Preparing Raw Pine for Staining to Stop Raised Grain

One of the drawbacks of using a water based stain on raw pine is that it can raise the grain on the wood. Raised wood grain wasn’t really a problem with oil based stains, but it is one of the only disadvantages that you will find using a water based stain.

An easy, and zero cost, option to stop the grain on the wood from raising too after staining is to apply a light coat of water to the timber prior to the final sanding.

This video shows you how to do it …

We are currently working on a timber arrow for our youngest son’s bedroom that we want to stain. The idea behind using a water based stain is that it should be lower odour and have lower VOC.

By using a very light application of water to the timber prior to the final sanding and stain should give us a much smoother, and more “professional” finish to the final project.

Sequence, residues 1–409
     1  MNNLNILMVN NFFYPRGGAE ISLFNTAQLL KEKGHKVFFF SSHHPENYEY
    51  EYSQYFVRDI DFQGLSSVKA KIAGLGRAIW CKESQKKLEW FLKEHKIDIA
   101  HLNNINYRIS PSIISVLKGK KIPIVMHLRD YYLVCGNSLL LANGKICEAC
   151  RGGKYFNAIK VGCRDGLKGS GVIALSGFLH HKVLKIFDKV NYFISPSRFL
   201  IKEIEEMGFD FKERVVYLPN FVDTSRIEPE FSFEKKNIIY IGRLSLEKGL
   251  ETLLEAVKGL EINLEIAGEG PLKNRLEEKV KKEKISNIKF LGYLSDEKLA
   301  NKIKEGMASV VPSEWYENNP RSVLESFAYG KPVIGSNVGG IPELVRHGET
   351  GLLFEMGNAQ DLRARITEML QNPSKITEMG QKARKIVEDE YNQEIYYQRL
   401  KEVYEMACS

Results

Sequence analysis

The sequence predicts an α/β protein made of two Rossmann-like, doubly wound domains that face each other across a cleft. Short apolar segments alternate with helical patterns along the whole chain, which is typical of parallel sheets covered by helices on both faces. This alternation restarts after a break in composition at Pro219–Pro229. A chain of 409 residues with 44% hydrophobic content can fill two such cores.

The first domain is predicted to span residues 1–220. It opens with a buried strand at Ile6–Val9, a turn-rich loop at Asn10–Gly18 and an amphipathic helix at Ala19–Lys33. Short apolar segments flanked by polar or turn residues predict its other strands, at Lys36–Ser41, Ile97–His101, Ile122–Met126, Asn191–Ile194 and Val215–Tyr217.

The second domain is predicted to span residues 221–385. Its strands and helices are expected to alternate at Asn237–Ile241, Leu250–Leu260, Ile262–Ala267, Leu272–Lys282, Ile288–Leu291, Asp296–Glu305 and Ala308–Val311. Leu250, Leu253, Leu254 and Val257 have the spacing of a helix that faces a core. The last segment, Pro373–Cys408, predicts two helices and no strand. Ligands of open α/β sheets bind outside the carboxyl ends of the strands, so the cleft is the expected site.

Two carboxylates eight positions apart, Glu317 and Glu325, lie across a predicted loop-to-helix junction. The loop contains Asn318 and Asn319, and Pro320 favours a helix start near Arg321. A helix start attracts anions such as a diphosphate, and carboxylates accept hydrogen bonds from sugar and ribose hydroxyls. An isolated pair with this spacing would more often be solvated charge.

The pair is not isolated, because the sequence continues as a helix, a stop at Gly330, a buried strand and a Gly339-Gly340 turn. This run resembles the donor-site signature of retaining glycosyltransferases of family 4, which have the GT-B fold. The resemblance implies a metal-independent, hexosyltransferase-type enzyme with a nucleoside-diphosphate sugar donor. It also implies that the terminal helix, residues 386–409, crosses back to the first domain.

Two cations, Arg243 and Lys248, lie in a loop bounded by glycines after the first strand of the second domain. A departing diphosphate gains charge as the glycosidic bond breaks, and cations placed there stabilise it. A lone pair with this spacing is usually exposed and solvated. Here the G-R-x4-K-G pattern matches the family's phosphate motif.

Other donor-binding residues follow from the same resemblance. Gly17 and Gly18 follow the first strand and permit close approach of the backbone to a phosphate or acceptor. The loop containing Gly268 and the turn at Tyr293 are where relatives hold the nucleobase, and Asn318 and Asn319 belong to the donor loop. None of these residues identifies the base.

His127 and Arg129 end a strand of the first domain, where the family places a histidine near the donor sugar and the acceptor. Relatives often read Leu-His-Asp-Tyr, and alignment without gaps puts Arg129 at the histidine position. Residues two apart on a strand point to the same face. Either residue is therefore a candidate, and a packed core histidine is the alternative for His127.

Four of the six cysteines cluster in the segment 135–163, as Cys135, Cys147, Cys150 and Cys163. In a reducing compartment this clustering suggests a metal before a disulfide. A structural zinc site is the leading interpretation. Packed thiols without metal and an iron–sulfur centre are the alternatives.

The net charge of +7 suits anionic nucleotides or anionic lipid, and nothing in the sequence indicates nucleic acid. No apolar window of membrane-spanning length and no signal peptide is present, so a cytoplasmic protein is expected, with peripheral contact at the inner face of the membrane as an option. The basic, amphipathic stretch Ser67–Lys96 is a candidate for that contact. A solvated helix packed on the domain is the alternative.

Staining the Timber

Photo via Russell Wisniewski

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4 thoughts on “Preparing Raw Pine for Staining to Stop Raised Grain

  1. michaelmaloney1

    Aren’t most wood products already treated before its sold to us? I’m not sure, but when they put all the sections into self storage, I would think that they have to be relatively well “cured” to an extent? Of course we probably need to treat it one more time when we’re finished making whatever it is too….

  2. James Kast

    That’s a clever idea, but Michael was right: Aren’t most wood products already treated before they are made available to the public? I’m building a <a href=” http://www.seo-guy.com ”>cubby house</a> and I’m a bit concerned of the materials (particularly because they will be left outdoors)… I’m still trying to become a DYI type.

  3. ericbosloor

    I wonder if it will make any difference to my wood in storage in Sydney. I’ve left some planks in my storage unit for quite a while and they’ll have to be checked before I even think about treating them for sanding!

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